Looking for a chocolate bar that can withstand extreme temperatures and may or may not chip a tooth? Look no further than Hershey’s Field Ration D bars. 

In the spring of 1937, with war looming over Europe, Colonel Paul Logan, the deputy director of the subsistence division of the U.S. Army’s Office of the Quartermaster General, saw the need for a candy bar troops could take into the battlefield for a quick, high-calorie energy boost when all hell was breaking loose. And, maybe it’s an officer thing, but one of the requirements he provided to Hershey’s Chocolate was to make sure that soldiers would not want to actually eat the chocolate bars – that they would do so only in the most desperate of situations.

In fact, Logan hoped that the chocolate would taste only “a little better than a boiled potato.” History provides no explanation as to why Logan didn’t just request a boiled potato bar, but that’s in keeping with Army logic.

Hershey’s chemists set about creating a four-ounce, 600-calorie chocolate bar that would be nearly indestructible. Hershey unveiled its creation a few months later – the Field Ration D chocolate bar. Made from chocolate, sugar, skim milk powder, cocoa fat, oat flour, and artificial flavoring, the Field Ration D bar was so dense that the instructions attached stated that the “chocolate” was to be “eaten slowly (in about a half hour)” and could “be dissolved by crumbling into a cup of boiling water if desired as a beverage.” Those troops who did attempt to eat the bars risked chipping a tooth when they bit into them – most had to shave slices off with their knives to get a hit of that sweet, sweet bitter cocoa taste.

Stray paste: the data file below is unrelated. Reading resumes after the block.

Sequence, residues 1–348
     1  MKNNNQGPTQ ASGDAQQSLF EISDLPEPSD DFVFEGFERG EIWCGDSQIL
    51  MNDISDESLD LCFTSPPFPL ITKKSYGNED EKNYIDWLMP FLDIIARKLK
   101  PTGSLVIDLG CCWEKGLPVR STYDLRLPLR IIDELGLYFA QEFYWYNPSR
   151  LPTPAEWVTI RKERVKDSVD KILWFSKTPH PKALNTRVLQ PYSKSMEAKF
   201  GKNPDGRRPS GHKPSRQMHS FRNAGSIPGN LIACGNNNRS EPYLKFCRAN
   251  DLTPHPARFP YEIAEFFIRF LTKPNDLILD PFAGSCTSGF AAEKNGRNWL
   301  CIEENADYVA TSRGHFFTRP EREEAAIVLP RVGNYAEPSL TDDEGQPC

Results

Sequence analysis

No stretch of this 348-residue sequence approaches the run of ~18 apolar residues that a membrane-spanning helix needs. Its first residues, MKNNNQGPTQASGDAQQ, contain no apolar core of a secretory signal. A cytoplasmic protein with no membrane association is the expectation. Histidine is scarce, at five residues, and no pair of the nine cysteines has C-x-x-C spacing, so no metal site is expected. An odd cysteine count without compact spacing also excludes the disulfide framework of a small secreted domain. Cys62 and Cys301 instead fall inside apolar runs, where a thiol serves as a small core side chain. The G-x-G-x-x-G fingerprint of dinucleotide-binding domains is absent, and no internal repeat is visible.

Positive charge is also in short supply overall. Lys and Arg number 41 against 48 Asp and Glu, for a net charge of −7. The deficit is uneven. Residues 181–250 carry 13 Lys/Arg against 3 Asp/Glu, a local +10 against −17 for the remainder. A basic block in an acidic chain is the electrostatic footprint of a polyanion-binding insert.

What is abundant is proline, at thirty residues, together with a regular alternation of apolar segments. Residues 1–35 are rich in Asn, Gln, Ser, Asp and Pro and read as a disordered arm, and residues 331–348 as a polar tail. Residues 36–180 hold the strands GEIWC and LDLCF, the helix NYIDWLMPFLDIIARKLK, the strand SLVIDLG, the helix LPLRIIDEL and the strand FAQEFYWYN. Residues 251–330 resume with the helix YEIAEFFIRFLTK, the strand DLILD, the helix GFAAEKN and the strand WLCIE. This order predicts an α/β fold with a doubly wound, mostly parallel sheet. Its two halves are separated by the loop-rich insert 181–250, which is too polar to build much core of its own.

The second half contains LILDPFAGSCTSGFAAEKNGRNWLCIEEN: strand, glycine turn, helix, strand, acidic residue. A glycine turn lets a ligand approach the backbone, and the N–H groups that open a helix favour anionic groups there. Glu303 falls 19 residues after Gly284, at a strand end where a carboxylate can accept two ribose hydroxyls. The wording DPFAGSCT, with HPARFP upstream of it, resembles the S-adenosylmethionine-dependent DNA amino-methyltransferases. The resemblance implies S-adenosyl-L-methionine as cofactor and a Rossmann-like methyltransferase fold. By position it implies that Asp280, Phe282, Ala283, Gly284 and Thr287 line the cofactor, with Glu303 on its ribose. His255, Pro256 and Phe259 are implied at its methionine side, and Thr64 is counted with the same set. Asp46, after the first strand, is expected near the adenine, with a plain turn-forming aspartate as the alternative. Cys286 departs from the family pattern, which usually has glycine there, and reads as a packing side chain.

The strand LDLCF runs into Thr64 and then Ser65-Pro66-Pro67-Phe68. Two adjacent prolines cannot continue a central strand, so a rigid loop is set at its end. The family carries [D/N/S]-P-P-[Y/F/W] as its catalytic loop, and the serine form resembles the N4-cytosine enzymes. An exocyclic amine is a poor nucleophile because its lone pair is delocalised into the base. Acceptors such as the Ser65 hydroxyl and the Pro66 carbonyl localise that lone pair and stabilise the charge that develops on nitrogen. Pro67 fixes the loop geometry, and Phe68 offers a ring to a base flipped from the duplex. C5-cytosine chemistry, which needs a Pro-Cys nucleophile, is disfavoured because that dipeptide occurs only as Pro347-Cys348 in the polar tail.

By 1943, with U.S. troops fighting in the jungles of the Pacific, the Hershey Corporation was asked to create a bar that could withstand the extreme heat of the Pacific Theater. The result was the Tropical Chocolate Bar, packaged in one to two ounce sizes and only marginally tastier than the Ration D bars. 

By the end of war Hershey had produced 3 billion ration bars, churning out some 24 million not-so-melt-in-your-mouth bars per week. It was nicknamed “Hitler’s secret weapon” for the gastrointestinal havoc it wrought. Despite such side effects of its war-time creation, Hershey’s Chocolate Corporation was awarded the Army-Navy “E” Production Award. An award that, per the Smithsonian, “recognized companies that consistently met high standards of quality and quantity in light of available resources.”

It was fortunate, perhaps, that the Army was not put in charge of Halloween.